Naming or branding a change or development programme may give it more attention and higher immediate recognition, but its effects are often to reduce its long-term effectiveness.
One of the strongest signals any decision-maker sends is not what they say but what they pay attention to persistently. It’s the regular weekly figures that speak more loudly than the once-a-year town hall presentation. It’s the persistence of attention, not the intensity, as Schein says.
So, when change or innovation are perceived as areas in need of attention, it’s far healthier to build habits and rituals of persistence attention to the need.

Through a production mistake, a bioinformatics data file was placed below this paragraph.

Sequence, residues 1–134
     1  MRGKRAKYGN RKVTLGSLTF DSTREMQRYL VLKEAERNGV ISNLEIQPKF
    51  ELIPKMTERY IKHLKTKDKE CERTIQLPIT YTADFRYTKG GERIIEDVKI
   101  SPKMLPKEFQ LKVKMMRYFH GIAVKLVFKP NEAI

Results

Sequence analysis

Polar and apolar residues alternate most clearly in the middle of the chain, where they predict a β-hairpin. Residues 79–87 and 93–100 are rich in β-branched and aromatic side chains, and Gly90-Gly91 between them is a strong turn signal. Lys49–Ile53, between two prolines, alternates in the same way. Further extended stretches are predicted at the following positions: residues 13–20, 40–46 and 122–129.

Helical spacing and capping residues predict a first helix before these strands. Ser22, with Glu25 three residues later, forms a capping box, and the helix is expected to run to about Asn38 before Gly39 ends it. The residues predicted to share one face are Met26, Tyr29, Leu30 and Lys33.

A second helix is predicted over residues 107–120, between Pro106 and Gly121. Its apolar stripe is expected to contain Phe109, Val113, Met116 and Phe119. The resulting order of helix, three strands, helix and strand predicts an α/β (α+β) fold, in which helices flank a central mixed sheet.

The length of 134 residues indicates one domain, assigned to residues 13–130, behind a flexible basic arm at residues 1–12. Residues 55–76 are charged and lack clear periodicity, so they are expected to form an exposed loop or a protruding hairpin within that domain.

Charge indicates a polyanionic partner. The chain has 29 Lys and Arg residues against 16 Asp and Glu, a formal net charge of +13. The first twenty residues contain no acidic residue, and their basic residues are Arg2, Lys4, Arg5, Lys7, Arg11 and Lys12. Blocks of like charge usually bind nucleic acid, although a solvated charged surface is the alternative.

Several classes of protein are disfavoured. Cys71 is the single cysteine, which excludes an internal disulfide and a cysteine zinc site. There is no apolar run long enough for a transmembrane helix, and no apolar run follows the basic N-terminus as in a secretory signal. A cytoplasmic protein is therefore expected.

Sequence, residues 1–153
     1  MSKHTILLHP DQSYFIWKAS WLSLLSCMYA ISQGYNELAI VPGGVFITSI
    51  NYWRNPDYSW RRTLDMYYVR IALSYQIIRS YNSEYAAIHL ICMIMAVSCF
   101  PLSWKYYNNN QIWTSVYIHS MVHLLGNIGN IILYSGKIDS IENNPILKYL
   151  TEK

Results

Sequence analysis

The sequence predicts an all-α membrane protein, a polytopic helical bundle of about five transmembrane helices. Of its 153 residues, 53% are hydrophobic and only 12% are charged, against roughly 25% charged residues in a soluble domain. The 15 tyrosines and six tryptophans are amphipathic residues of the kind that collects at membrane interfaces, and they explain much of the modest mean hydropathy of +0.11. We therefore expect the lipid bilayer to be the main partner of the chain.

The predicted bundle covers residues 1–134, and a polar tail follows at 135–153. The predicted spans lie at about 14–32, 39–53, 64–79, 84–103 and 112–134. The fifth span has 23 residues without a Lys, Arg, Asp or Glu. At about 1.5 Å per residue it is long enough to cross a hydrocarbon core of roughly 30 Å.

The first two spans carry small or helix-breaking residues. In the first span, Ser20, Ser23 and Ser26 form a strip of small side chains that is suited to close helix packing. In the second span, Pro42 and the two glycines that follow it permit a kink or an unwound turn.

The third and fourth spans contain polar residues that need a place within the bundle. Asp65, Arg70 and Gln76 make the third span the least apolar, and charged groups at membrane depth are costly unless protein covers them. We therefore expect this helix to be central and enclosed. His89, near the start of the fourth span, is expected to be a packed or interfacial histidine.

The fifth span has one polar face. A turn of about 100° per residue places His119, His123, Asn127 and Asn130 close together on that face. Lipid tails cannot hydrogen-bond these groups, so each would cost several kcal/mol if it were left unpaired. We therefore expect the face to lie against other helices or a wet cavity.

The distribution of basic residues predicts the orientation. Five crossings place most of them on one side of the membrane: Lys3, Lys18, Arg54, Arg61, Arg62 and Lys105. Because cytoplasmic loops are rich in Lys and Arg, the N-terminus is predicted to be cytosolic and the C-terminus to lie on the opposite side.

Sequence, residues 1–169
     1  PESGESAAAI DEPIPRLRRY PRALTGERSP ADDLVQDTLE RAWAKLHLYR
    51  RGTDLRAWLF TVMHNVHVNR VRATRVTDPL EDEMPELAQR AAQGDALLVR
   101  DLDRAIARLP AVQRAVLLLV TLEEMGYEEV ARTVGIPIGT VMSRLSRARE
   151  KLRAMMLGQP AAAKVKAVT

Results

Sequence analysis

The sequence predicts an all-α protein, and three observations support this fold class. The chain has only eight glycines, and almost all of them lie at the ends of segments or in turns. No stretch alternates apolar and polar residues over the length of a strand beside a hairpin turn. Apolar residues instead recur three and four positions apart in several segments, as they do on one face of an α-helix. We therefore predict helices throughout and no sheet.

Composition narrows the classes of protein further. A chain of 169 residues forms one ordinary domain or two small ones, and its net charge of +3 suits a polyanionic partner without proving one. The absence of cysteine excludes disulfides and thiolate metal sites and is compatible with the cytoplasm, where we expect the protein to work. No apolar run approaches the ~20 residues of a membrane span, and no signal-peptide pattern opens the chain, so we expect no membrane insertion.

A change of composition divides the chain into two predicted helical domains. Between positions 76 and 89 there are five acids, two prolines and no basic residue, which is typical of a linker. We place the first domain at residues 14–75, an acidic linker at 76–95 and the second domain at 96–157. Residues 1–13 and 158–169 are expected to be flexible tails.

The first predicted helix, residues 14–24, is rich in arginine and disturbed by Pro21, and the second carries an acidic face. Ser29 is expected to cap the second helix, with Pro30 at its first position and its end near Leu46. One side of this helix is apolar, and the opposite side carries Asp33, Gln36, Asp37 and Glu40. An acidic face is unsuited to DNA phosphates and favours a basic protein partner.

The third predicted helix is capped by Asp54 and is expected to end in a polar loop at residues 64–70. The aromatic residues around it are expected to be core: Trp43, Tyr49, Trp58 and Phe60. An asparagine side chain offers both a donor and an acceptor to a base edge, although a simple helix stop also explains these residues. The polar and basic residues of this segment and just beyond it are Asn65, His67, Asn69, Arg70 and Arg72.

Instead, it’s often that a fabulous new organisation-wide roll-out of training or tools is announced. The area in question – change, innovation, leadership, customer-first, etc – is named as the next big thing and away we go. Then, as other pressures intrude and programme leaders are promoted, it fades quietly into the background, to be safely ignored again in favour of the day-to-day numbers.
Few people lose their jobs for not taking part in a training programme, plenty do for not making their numbers. Guess which any sane person thinks is more important?
Day-to-day staples work, flavour of the month doesn’t.